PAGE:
"It was a scramble on their part to foul anybody except Wilt after a certain point," Meschery said. "They were just trying to get the game over with as quickly as possible without Wilt scoring 100. So they were willing to put anybody on the line. I always thought the most comical part of that game was how frantic the Knicks were trying to foul everybody. Looked like a bunch of rats running around, scurrying around trying to foul somebody except Wilt."

Meschery actually believes there is something far more impressive about Chamberlain than his 100-point game. And that was the fact that Chamberlain averaged 50.4 points that season. The closest anyone has come to Chamberlain's record was when Kobe Bryant scored 81 points against the Toronto Raptors on Jan. 22, 2006. Bryant had 55 points in the second half of that game and overall went 28-for-46 from the field, including 7-of-13 from 3-point range. He also went 18-for-20 from the line.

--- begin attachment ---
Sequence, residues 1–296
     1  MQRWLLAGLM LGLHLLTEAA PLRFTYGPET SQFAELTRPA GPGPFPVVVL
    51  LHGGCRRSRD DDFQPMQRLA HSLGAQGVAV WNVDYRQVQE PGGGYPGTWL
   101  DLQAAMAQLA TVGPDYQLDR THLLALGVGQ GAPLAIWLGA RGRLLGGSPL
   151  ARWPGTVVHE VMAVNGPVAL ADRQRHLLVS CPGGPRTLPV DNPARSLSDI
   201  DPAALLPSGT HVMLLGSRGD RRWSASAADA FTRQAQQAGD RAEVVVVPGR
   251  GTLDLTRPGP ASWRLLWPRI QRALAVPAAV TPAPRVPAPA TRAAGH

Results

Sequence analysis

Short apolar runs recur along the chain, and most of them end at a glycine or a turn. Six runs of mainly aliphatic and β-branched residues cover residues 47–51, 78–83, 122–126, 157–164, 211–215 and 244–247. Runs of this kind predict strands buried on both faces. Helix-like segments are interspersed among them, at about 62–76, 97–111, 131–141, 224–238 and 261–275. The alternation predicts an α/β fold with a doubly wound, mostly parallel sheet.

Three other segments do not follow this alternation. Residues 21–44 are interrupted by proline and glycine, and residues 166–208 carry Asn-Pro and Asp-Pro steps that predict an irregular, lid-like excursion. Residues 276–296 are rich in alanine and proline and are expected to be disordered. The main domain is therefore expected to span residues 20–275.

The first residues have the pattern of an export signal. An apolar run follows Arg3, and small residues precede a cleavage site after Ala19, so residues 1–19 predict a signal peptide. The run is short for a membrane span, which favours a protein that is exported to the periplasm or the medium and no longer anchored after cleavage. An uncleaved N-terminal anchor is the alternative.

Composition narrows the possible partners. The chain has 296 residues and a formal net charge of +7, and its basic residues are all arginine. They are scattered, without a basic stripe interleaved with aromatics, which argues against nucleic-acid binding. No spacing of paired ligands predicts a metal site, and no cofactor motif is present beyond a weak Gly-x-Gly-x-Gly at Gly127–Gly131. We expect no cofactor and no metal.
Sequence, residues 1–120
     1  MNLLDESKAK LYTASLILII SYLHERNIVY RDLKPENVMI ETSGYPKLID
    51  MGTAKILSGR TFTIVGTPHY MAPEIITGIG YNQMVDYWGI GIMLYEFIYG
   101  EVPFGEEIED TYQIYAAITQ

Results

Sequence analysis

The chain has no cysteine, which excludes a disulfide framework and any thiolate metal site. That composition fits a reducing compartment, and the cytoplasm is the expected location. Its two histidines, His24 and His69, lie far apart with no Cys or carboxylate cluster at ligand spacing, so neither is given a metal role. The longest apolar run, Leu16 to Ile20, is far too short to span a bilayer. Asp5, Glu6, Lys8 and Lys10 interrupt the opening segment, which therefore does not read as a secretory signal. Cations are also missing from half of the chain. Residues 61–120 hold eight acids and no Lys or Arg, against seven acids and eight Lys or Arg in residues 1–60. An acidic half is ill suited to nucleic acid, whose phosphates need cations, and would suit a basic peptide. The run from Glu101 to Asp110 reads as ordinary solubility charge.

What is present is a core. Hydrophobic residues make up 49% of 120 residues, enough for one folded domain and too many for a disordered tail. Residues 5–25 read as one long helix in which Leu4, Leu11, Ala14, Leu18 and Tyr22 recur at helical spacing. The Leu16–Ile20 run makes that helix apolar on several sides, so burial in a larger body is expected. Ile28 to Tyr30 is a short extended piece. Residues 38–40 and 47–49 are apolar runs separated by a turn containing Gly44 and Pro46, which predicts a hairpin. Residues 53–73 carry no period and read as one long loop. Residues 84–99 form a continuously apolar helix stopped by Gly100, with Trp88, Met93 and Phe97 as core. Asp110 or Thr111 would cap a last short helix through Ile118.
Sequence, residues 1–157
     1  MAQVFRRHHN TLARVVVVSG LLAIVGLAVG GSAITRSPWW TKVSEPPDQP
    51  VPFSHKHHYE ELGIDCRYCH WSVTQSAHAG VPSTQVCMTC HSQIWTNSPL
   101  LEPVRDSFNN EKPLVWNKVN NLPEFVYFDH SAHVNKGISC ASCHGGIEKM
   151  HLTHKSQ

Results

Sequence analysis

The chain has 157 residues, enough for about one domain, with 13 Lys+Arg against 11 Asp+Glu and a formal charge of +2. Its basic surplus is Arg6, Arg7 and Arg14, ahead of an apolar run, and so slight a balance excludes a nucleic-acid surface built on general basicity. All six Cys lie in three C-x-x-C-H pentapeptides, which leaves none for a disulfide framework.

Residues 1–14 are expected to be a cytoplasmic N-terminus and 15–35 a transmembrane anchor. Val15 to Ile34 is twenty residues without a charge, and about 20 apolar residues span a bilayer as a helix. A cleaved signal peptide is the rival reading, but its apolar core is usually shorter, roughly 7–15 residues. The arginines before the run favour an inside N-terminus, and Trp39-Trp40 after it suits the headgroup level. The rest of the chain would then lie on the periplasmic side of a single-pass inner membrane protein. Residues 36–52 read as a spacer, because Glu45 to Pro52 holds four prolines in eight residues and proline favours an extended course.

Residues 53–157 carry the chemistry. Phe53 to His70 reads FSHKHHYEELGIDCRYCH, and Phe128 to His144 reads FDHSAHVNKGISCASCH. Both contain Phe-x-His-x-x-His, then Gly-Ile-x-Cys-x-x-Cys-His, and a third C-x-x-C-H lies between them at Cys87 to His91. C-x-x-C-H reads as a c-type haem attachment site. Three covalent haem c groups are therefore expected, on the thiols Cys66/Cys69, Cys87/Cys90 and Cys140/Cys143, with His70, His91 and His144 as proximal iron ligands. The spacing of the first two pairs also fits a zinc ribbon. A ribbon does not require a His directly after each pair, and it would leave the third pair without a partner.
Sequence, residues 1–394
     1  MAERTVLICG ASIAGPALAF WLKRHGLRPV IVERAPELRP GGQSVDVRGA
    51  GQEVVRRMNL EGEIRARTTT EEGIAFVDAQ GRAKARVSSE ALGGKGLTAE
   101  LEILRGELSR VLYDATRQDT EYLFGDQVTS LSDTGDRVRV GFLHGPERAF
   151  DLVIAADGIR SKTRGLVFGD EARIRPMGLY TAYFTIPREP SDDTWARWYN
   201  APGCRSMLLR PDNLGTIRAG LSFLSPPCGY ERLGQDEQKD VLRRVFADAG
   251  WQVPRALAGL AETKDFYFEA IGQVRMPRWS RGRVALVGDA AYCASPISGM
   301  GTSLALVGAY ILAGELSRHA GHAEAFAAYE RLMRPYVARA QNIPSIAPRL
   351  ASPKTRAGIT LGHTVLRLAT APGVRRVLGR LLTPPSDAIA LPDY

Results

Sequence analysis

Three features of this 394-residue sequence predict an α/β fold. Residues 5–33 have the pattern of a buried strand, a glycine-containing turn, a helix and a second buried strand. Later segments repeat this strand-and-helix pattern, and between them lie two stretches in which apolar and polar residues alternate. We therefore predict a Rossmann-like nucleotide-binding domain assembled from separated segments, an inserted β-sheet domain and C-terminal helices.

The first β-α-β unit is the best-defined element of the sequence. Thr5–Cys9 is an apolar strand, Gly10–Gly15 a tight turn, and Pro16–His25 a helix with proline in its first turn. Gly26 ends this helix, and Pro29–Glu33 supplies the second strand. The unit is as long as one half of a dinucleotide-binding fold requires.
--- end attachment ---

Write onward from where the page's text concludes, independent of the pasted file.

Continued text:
Over the years, plenty of NBA players have put up big numbers. David Thompson scored 73 points one night, Elgin Baylor 71, David Robinson 71, Michael Jordan 69, Pete Maravich 68 and even Tracy McGrady had 62 once. But 100 seems out of the question.

One thing that worked in Chamberlain's favor that night was the Knicks never used the strategy of a double-team. According to Warriors ambassador and legend Al Attles, who was on the court with Chamberlain that game, double-teaming was not a big part of basketball back then.